Educational package for visualizing shear forces and bending moments on 1-D beams

## Project description

# BeamBending: a teaching aid for 1-D shear-force and bending-moment diagrams

BeamBending is *both* an educational module *and* a Python package, intended to serve as a teaching aid during a first course in *Statics*.
The aim of this module is to enhance clarity and provide visual hands-on examples while introducing the concepts of:

- stresses on slender
*one-dimensional*solids (i.e. beams) - normal force, shear force and bending moment diagrams

The package documentation includes a simplified (but still rigorous enough) explanation of the background theory, inspired in [@Beer2017] and [@Bell2015]. It is assumed that the students understand static equilibrium of flat rigid bodies, but a short recap is provided. Code snippets that reproduce the theory examples are presented next to each result.

The package can be used by

- teachers who want to automatically create problem sets with their solutions (easily scriptable,
*random-problem-generator friendly*); - students who want to verify their solutions to introductory problem sets;
- students who like to play with example problems and receive immediate visual feedback about how simple modifications to imposed loads affect the resulting reaction forces and internal stresses.

The materials are distributed publicly and openly under a Creative Commons Attribution license, CC-BY 4.0

## Cite as:

Carella, (2019). BeamBending: a teaching aid for 1-D shear force and bending moment diagrams. Journal of Open Source Education, 2(19), 65, https://doi.org/10.21105/jose.00065

## Statement of Need

Statics courses in undergraduate engineering programs are sometimes taught before the knowledge of the relevant mathematical tools (i.e. simple calculus and linear vector algebra) is fully mature. Introducing a topic that resembles the mindset of calculus and employs an unintuitive standard sign convention, on top of a wobbly mathematical foundation, makes it fairly common for students to get lost in the calculations.

This package/module aims to bridge this gap and simplify students' first contact with this challenging new topic by working on two fronts simultaneously:

- Explain the background theory from a simple example with focus on connecting the mathematical description with the physical beam model (
`beambending`

code snippets are interleaved in order to illustrate how the package works). - Provide a temporary scaffolding that helps to establish an immediate visual association between beam load states and internal stresses.

## Functionality and Usage

A typical use case of the `beambending`

package always involves creating an instance of the `Beam`

class. The class constructor takes an optional *length* argument, which defaults to 10 in case no argument is provided.

```
from beambending import Beam
beam = Beam(9) # Initialize a Beam object of length 9m
```

After a `Beam`

object is created, the properties corresponding to the x-coordinates of the pinned and rolling supports must be defined.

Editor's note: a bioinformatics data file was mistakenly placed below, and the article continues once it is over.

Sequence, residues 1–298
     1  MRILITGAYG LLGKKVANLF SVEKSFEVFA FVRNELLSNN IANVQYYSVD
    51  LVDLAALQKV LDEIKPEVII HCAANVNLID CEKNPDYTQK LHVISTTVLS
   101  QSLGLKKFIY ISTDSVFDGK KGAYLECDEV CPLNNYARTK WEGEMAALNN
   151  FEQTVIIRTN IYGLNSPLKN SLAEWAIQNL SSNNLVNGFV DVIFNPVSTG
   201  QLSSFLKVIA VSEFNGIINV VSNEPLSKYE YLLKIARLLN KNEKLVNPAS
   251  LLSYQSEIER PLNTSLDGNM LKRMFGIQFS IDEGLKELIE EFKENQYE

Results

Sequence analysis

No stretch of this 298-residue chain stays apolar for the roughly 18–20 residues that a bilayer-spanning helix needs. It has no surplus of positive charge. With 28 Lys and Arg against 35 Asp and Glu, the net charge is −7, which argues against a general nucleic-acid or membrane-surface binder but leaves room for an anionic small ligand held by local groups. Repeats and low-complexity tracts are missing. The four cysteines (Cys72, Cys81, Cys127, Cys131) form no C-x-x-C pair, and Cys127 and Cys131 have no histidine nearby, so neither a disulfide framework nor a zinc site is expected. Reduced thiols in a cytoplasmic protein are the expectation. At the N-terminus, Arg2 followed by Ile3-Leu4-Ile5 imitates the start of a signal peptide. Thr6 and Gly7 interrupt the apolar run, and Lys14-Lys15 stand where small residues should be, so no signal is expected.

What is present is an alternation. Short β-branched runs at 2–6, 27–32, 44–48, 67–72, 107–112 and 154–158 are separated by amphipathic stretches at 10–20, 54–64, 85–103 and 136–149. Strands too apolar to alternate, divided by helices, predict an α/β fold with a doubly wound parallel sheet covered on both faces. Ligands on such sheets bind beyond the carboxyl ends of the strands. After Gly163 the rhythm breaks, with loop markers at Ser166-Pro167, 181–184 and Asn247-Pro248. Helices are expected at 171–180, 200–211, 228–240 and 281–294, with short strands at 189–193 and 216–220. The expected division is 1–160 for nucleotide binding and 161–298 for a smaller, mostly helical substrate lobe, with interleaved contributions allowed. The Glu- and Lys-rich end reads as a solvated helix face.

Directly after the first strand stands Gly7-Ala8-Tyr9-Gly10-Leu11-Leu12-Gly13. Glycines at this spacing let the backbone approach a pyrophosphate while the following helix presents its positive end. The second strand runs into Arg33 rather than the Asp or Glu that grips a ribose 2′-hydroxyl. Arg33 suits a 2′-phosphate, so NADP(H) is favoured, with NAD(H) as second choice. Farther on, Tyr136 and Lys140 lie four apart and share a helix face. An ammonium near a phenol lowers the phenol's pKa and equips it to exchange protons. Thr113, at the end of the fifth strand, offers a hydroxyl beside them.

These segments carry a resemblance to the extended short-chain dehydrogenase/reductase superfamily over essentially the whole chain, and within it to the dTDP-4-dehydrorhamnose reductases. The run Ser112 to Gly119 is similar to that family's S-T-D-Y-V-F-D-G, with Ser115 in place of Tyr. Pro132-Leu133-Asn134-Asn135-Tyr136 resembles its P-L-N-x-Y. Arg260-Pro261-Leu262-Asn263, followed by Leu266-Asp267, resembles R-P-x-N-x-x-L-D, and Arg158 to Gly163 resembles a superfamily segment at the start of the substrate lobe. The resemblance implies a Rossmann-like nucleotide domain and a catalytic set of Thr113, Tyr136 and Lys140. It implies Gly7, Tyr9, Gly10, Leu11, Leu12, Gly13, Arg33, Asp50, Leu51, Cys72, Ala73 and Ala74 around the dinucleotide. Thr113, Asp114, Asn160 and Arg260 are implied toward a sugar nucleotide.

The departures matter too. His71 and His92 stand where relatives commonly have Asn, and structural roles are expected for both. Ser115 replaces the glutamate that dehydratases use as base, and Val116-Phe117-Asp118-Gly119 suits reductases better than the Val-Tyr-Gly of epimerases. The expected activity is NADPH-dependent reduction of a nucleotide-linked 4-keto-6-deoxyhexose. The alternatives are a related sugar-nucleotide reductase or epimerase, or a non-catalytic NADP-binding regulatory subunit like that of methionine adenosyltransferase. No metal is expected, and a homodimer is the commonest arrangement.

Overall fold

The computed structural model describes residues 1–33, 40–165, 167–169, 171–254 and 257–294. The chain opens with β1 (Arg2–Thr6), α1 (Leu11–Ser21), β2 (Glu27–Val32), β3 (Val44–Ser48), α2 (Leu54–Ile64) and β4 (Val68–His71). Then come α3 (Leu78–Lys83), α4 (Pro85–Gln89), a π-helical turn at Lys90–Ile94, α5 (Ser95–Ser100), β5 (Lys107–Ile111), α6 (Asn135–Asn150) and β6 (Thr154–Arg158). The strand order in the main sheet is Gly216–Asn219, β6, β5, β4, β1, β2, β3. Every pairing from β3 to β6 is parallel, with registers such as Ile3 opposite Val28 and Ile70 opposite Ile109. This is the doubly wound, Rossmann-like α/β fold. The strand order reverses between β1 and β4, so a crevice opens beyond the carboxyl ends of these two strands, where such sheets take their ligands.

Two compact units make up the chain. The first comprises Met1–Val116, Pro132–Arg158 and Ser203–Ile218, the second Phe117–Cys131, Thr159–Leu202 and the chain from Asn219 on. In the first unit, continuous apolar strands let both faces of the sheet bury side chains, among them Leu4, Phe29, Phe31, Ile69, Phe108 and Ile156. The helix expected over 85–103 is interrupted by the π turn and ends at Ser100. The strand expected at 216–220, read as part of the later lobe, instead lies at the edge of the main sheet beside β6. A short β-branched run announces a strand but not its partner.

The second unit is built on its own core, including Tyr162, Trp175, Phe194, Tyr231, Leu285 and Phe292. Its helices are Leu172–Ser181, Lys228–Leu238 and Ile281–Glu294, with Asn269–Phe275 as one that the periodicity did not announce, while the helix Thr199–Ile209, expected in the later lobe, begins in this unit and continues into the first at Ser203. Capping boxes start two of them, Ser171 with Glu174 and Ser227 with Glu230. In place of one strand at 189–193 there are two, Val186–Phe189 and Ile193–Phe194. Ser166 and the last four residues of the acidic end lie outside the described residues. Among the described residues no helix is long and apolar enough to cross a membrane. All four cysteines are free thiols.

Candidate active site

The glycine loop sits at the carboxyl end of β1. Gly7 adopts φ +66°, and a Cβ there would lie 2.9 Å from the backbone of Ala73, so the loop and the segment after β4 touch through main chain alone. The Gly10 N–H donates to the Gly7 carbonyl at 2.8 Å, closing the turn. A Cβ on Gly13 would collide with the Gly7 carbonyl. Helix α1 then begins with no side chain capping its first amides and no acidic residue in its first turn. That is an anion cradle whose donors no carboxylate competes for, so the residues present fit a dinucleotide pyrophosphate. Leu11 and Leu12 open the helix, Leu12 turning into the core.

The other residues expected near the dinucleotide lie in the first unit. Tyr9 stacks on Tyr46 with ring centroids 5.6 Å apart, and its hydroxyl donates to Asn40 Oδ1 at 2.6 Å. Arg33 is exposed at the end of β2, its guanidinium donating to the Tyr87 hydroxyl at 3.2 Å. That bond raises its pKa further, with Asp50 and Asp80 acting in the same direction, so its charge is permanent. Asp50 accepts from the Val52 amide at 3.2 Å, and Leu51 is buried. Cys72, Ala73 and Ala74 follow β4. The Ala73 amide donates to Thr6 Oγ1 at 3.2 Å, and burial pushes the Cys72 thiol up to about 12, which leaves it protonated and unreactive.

```
beam.pinned_support = 2 # x-coordinate of the pinned support
beam.rolling_support = 7 # x-coordinate of the rolling support
```

Note that the Beam class currently supports only statically determined beams with *exactly* one pinned and one roller support.

Each load applied to the beam requires an instance of one of the load classes `DistributedLoadH`

, `DistributedLoadV`

, `PointLoadH`

, or `PointLoadV`

.
The load classes are simply *namedtuples*, and make the resulting scripts easier to read by making the user's intention explicit.
The symbolic variable `x`

, also defined by the module, is used for defining variable distributed loads.

```
from beambending import DistributedLoadV, PointLoadH, PointLoadV, x
```

The loads can be applied to the `Beam`

by passing an iterable (list or tuple) to the method `add_loads`

.

```
beam.add_loads((
PointLoadH(10, 3), # 10kN pointing right, at x=3m
PointLoadV(-20, 3), # 20kN downwards, at x=3m
DistributedLoadV(-10, (3, 9)), # 10 kN/m, downward, for 3m <= x <= 9m
DistributedLoadV(-20 + x**2, (0, 2)), # variable load, for 0m <= x <= 2m
))
```

After the problem is fully defined (beam length + placement of supports + loads), the `plot`

method can me invoked to plot a sketch of the loaded beam together with its corresponding load diagrams (normal force, shear force and bending moment).

```
fig = beam.plot()
```

The `plot`

method is actually a wrapper that combines these four methods: `plot_beam_diagram`

, `plot_normal_force`

, `plot_shear_force`

and `plot_bending_moment`

into a single A4-sized printer-friendly plot.

The script above produces the following figure:

You can read about this example in context in the documentation, or try it in a Jupyter notebook hosted online:

For more sophisticated applications, like automatic problem generation, you should read the package documentation.

## Installing the package

If you want to install the `beambending`

package, you run this one-liner:

```
pip install --user beambending
```

NOTE: You need Python 3 to install this package (you may need to write`pip3`

instead of`pip`

).

The library dependencies are listed in the file `requirements.txt`

, but you only need to look at them if you clone the repository.
If you install the package via `pip`

, the listed dependencies should be installed automatically.

## How to contribute to BeamBending

The guidelines for contributing are specified here.

## Copyright and License

(c) 2018 Alfredo R. Carella. All content is under Creative Commons Attribution CC-BY 4.0.

You are welcome to re-use this content in any way.

## Project details

## Release history Release notifications | RSS feed

## Download files

Download the file for your platform. If you're not sure which to choose, learn more about installing packages.